Invisible people, unknown countries

16:28, May 20, 2010      

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I have often wondered what goes on in the minds of Beijingers with the kind of awkward attention I receive on the streets and in supermarkets. I got some clues after reading Ma Chao's contribution in the China Daily of May 8-9.

According to Ma, "Massive swathes of dense forests, expansive grasslands and an overabundance of flora and fauna is what people in China visualize when they think of Africa". Unfortunately he failed or forgot to mention the kind of Homo Sapiens that populate the dense forests and expansive grasslands. Or do Chinese assume that all the Africans were shipped to the new world. When he recently visited Lagos, the commercial nerve center of West Africa and the second largest city in Africa, he was taken aback to see massive construction works, heavy vehicular traffic and sprawling markets. To my mind, Ma's submission probably reflect the deficiencies of the Chinese educational system in subjects such as geography, history, commerce and international politics.

I always try to contain my annoyance when Chinese people ask me if I come from America. When I tell them I come from Nigeria they are lost and start trying to figure out where on the world map this country is located. Asked what countries they know in Africa, it is either Egypt or South Africa.

And yet according to Ma, Nigeria is the most populous country in Africa with over 150 million people; has a vibrant economy with rising GDP of about 5 percent in the last three years; is the eight largest exporter of crude oil and has the tenth largest proven reserve of it in the world. So how come most Chinese don't know these basic facts, including PhD students at my institute in Beijing?

I believe that Nigeria's football prowess alone is enough to earn her popularity and recognition worldwide. Agreed Africa, especially Nigeria, is plagued by political rigmarole, economic sabotage and scientific laziness, but it has also for a long time been a viable economic partner of China. Nigeria, for instance, is home to several Chinese companies and citizens that are doing extremely well despite all the odds.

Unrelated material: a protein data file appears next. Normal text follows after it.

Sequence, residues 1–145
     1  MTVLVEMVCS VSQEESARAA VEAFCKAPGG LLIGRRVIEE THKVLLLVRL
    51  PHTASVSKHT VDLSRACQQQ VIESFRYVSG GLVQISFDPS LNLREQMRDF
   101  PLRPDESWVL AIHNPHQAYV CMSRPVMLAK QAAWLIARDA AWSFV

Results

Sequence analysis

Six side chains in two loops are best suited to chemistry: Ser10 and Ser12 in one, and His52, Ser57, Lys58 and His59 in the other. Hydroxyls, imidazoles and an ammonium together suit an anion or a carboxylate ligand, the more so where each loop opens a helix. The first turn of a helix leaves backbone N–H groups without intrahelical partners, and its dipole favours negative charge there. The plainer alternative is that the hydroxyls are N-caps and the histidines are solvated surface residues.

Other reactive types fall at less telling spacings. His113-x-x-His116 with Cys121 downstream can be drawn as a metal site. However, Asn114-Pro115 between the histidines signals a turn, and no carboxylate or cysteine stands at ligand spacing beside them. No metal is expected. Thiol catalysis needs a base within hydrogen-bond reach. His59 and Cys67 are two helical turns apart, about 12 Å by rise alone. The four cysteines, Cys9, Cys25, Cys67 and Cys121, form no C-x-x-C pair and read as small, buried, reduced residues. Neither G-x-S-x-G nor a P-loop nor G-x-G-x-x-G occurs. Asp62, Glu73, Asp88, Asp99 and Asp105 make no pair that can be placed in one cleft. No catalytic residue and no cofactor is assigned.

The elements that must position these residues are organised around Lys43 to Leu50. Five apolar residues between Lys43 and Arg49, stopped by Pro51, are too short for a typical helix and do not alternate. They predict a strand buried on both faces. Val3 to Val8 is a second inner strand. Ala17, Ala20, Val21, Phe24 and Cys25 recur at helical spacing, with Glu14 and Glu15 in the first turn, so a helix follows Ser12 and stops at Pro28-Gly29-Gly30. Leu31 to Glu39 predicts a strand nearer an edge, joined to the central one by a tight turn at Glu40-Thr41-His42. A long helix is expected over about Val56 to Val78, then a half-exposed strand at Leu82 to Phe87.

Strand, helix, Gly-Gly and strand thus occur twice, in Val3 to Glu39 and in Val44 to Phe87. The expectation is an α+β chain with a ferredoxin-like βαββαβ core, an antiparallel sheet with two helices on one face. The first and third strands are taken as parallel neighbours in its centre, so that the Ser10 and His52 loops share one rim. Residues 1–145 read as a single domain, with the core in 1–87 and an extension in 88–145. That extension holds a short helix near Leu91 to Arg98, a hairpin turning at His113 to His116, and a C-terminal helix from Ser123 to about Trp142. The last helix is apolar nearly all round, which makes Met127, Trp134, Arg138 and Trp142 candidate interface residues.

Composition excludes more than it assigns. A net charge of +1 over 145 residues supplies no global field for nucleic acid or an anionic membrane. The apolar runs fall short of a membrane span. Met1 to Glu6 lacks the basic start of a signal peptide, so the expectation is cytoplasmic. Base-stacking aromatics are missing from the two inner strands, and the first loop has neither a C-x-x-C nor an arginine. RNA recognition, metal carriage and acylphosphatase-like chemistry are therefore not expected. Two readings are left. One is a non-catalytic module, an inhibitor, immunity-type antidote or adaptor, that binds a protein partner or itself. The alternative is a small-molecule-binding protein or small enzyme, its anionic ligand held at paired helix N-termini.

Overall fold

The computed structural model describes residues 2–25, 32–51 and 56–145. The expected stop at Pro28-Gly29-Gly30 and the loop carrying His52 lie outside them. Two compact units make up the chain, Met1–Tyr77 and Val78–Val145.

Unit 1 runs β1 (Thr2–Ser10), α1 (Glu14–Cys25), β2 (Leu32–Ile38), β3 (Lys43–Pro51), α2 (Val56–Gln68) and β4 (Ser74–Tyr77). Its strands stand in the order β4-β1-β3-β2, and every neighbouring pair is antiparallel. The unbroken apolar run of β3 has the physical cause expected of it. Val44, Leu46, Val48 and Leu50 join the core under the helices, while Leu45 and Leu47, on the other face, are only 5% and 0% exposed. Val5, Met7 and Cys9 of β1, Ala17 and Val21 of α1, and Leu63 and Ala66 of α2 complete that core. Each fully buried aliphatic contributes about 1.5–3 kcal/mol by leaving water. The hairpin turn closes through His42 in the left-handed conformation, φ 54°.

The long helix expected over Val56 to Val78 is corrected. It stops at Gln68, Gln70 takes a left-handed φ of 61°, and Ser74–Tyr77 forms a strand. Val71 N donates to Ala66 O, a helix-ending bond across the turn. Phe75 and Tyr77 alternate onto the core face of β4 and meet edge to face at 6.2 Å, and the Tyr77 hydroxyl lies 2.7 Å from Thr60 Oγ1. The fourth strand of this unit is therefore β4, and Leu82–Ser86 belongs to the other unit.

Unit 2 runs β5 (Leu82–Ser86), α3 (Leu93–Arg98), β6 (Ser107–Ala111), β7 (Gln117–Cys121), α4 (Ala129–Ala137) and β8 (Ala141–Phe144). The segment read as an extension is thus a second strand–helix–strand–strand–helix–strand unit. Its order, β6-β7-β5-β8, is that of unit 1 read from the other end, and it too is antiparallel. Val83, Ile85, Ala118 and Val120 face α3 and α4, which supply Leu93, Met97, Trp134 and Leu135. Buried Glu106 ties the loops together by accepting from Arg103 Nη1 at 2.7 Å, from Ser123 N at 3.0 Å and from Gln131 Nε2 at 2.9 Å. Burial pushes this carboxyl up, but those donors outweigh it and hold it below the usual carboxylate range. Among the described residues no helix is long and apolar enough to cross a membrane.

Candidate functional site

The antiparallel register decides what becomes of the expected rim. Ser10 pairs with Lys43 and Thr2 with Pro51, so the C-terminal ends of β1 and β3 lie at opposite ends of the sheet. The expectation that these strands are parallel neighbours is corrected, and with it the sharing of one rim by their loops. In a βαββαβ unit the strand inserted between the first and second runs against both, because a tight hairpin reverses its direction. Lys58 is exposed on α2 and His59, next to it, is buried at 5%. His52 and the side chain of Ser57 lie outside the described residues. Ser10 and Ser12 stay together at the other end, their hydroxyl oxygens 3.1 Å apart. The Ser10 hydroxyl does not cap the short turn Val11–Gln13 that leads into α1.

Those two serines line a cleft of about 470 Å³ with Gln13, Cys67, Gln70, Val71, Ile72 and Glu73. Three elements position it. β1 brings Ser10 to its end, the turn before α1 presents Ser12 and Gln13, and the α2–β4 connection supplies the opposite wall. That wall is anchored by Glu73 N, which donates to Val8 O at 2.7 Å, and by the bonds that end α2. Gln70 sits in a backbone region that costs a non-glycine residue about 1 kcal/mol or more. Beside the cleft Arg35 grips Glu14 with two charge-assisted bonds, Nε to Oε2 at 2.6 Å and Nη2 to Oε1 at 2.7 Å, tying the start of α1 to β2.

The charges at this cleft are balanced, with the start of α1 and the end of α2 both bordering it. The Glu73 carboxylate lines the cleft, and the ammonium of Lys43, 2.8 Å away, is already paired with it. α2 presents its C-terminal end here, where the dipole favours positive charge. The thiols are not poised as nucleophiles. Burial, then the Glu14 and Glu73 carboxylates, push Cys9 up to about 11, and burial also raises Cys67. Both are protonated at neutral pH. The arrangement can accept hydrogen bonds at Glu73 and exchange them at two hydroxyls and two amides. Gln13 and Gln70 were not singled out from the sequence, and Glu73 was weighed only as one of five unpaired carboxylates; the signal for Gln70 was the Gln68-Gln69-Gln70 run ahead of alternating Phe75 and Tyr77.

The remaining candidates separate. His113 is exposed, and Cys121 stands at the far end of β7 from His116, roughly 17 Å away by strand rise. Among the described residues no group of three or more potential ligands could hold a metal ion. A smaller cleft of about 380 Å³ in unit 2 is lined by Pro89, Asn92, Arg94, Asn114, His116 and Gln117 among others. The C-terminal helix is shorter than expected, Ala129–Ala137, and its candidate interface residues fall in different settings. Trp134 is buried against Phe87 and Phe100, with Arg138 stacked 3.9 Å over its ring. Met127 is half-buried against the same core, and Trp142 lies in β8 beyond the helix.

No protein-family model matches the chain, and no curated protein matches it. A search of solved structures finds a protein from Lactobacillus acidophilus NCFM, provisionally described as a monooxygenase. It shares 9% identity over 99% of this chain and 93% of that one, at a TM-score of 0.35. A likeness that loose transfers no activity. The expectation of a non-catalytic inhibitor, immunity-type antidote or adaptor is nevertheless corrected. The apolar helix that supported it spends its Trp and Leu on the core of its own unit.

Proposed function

Africa deserves regular mention in the daily affair of China and Chinese. It is high time that China shifts some of its attention from the US. A lot that can interest ordinary Chinese occurs every day in Africa. After all I can read about China on an almost daily basis in Nigerian newspapers.

I have not seen another black person from my flight into Beijing two months ago until today. I have come to realize I'm a rare species in Beijing.

Although my tight schedule did not give room for visits around Beijing, one would expect that places like Zhongguancun with its beehive of activities would be a cosmopolitan area. Maybe I will have to go to Guangdong when next time I visit China, where I understand there are thousands of black faces, especially Nigerians.

However I must admit that my black face has also brought me VIP treatment occasionally, especially at my place of work in Beijing. I cherish the smiling faces and the friendliness of the orderlies of my institute and apartment complex. I value their enthusiasm to engage me in conversation. This has made me resolve to attend a Chinese language school during my visit to Beijing next year.

I want to recommend that efforts be made to make Beijing more cosmopolitan like most of the great capital cities of the world. In particular, black Africans should be encouraged to visit Beijing. This could be done very effectively through cultural exchanges because both regions are very rich in culture.

China, being more economically developed, should open cultural centers in major African cities where the locals can learn Chinese language and culture. The advantages of such centers are just too many to be ignored by an emerging power like China. It is indeed one of the reasons America and France have a hold on the continent.

Source: China Daily(By S. Idowu Ola)


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